2014 Award Recipient Jeffrey Simpson

Mr. Jeffrey Simpson, author of Chronic Condition: Why Canada's Health Care System Needs to be Dragged into the 21st Century

 

At its 16th Annual Roundtable Meeting held April 17, 2014 the HCCC was proud to present the inaugural Award of Distinction to Mr. Jeffrey Simpson. Mr. Simpson has given many talks to emphasize the importance of updating Canada's health care system, one of many reasons that made him an outstanding choice for HCCC's Award of Distinction.

In 2012 Jeffrey Simpson wrote Chronic Condition: Why Canada's Health Care System Needs to be Dragged into the 21st Century. The health care system, which costs about $200 billion a year in public and private money, cannot continue as it is—increasingly ill-adapted to an aging population with public costs growing faster than government revenues. In Chronic Condition, Jeffrey Simpson meets health care head on and explores the only four options we have to end this growing crisis: cuts in spending, tax increases, privatization, and reaping savings through increased efficiency. He examines the tenets of the Medicare system that Canadians cling to so passionately. Here, he finds that many other countries have more extensive public health systems, and Canadian health care produces only average value for money. In fact, our rigid system for some health care needs and a costly system for other needs—drugs, dentistry, and home care—is really the worst of both worlds. Chronic Condition breaks the silence about the huge changes and real choices that Canadians face. In addition to authoring the book, Simpson has given many talks to emphasize the importance of updating Canada's health care system.

 As a well-known author, speaker and journalist, he has focused attention of the public, politicians and policy-makers on the health care system and the need for supporting and reforming it. Jeffrey Simpson has been The Globe and Mail's national affairs columnist for almost three decades. He has won all three of Canada's leading literary prizes — the Governor General's Award for non-fiction book writing, the National Magazine Award for political writing, and the National Newspaper Award for column writing. He has also won the Hyman Solomon Award for excellence in public policy journalism and the Donner Prize for the best public policy book by a Canadian.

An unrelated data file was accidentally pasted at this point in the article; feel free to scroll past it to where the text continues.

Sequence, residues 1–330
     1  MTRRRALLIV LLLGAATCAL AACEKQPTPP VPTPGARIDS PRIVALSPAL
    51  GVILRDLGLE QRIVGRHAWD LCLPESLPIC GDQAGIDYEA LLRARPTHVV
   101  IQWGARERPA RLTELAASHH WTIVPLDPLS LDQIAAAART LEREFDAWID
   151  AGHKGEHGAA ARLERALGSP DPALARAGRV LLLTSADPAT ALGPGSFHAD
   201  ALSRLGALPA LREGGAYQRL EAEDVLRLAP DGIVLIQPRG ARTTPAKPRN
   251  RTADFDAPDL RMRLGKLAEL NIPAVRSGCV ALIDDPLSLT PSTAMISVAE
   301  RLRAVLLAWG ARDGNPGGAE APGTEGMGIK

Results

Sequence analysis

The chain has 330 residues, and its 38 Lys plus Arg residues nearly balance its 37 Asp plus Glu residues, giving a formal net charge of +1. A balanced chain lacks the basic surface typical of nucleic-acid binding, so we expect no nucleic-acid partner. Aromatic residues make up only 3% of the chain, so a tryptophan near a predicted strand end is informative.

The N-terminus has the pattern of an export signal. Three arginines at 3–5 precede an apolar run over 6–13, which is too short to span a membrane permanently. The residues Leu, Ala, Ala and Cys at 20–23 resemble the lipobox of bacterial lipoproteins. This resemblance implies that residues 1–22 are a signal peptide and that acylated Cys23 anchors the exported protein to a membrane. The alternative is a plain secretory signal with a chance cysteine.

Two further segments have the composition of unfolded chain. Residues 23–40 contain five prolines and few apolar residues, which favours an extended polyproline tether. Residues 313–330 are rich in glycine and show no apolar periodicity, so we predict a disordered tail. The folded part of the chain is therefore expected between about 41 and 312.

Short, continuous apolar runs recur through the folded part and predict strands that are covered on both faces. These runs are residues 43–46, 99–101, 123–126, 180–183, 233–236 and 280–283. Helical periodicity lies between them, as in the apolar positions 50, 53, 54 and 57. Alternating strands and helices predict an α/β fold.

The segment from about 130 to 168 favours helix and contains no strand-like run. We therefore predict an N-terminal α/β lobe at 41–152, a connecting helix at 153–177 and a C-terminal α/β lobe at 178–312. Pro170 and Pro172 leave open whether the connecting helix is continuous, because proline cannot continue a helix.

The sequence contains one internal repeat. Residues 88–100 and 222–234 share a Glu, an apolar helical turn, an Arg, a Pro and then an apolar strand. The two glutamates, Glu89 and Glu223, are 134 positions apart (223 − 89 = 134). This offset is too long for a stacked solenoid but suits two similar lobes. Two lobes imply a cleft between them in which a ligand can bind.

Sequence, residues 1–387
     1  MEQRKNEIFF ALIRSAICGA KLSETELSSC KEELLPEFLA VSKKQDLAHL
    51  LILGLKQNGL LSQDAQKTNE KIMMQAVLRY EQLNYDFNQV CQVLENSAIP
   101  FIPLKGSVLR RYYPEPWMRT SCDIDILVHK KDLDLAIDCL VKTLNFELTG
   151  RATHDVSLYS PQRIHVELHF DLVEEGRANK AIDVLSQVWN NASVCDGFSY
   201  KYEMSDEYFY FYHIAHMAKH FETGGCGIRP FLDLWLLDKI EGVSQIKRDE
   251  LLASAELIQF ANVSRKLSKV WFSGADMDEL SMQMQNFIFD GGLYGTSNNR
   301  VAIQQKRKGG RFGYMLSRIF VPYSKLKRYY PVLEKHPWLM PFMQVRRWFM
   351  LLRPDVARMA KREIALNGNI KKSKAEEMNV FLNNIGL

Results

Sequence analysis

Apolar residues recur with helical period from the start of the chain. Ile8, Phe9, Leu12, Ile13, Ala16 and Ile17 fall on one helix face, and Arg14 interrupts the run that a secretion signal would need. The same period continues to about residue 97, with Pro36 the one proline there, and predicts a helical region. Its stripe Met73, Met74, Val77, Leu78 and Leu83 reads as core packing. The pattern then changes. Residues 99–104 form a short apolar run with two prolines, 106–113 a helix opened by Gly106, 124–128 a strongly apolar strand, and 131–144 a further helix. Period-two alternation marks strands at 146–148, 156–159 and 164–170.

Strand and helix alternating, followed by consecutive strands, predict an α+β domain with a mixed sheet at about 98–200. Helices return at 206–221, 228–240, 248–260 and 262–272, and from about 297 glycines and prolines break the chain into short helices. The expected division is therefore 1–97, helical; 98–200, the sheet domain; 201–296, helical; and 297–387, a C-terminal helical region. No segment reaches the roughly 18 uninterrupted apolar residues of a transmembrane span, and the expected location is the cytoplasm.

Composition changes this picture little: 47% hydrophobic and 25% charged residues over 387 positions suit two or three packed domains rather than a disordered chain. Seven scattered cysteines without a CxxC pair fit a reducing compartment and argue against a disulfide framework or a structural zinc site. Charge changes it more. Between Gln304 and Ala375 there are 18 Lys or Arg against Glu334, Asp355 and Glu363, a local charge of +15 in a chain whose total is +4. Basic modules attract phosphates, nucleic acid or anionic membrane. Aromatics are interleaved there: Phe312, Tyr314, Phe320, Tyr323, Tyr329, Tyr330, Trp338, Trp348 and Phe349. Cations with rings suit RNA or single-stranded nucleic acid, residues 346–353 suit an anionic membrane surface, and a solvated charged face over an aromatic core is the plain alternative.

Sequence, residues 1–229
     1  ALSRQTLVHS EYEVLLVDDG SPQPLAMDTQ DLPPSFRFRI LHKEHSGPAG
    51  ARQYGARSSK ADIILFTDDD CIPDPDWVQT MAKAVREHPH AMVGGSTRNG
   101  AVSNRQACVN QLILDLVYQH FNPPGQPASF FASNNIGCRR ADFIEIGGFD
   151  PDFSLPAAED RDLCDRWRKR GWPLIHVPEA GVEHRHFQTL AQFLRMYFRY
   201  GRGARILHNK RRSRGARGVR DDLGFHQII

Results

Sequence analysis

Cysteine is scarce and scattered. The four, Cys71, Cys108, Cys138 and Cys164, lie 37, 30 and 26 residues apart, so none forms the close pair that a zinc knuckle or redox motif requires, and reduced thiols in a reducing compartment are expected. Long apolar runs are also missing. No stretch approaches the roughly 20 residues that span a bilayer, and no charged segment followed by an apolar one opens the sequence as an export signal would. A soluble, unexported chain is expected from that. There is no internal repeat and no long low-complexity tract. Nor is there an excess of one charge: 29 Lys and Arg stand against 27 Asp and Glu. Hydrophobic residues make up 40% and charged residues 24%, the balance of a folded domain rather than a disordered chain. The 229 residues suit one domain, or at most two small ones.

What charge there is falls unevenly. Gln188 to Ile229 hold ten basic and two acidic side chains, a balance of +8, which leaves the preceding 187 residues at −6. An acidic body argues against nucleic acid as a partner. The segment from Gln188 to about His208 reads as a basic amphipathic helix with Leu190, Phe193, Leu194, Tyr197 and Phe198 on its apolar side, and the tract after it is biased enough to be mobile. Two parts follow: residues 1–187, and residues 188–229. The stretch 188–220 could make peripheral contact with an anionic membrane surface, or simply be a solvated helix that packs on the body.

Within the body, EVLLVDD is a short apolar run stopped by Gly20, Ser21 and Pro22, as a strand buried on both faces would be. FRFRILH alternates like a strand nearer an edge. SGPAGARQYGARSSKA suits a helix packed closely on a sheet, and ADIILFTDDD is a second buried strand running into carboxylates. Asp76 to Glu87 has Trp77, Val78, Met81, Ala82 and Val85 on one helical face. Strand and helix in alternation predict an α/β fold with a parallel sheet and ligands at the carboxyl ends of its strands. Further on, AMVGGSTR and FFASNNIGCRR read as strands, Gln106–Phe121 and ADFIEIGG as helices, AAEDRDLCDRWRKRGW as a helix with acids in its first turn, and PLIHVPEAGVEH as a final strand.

In 2006, Simpson was awarded the Charles Lynch Award in recognition of his outstanding coverage of national issues. In January, 2000, he became an Officer of the Order of Canada. He has written numerous magazine articles for such publications as Saturday Night, Report on Business Magazine, the Journal of Canadian Studies and Queen's Quarterly. He has spoken at dozens of major conferences in Canada and internationally on a variety of domestic and international issues. Mr. Simpson is a frequent participant in political debate on radio and television, in French and in English. He has been a guest lecturer at such universities as Oxford, Edinburgh, Harvard, Princeton, Brigham Young, Johns Hopkins, Maine, California plus more than a dozen universities in Canada. He was a John S. Knight fellow at Stanford University, a Skelton-Clark fellow and Brockington Visitor at Queen's University, a John V. Clyne fellow at the University of British Columbia, a distinguished visitor at the University of Alberta and a member of the Georgetown University Leadership Seminar. He has been awarded honorary doctorates of laws from the University of British Columbia and the University of Western Ontario. Simpson has been a member of the board of trustees at Queen's University; the board of overseers at Green College, University of British Columbia; the advisory board of the Review of Constitutional Studies at the University of Alberta; the editorial board of The Queen's Quarterly, and the Canadian Consortium for Asia-Pacific Security at York University and the University of Toronto. He has been vice-chairman of the City of Ottawa Library Board. Simpson is a Senior Fellow at the University of Ottawa’s Graduate School of Public and International Affairs. He is also a member of the Trilateral Commission.

He is the author of 8 books. In addition to Chronic Condition: Why Canada's Health Care System Needs to be Dragged into the 21st Century, he authored: 1980 - Discipline of Power, winner of the 1980 Governor General's Award for Non-Fiction. 1988 - Spoils of Power 1993 - Faultines, Struggling for a Canadian Vision 1996 - The Anxious Years 2000 - Star-Spangled Canadians 2001 - The Friendly Dictatorship 2007 - Hot Air: Meeting Canada's Climate Change Challenge (co-authored with Mark Jaccard and Nic Rivers)

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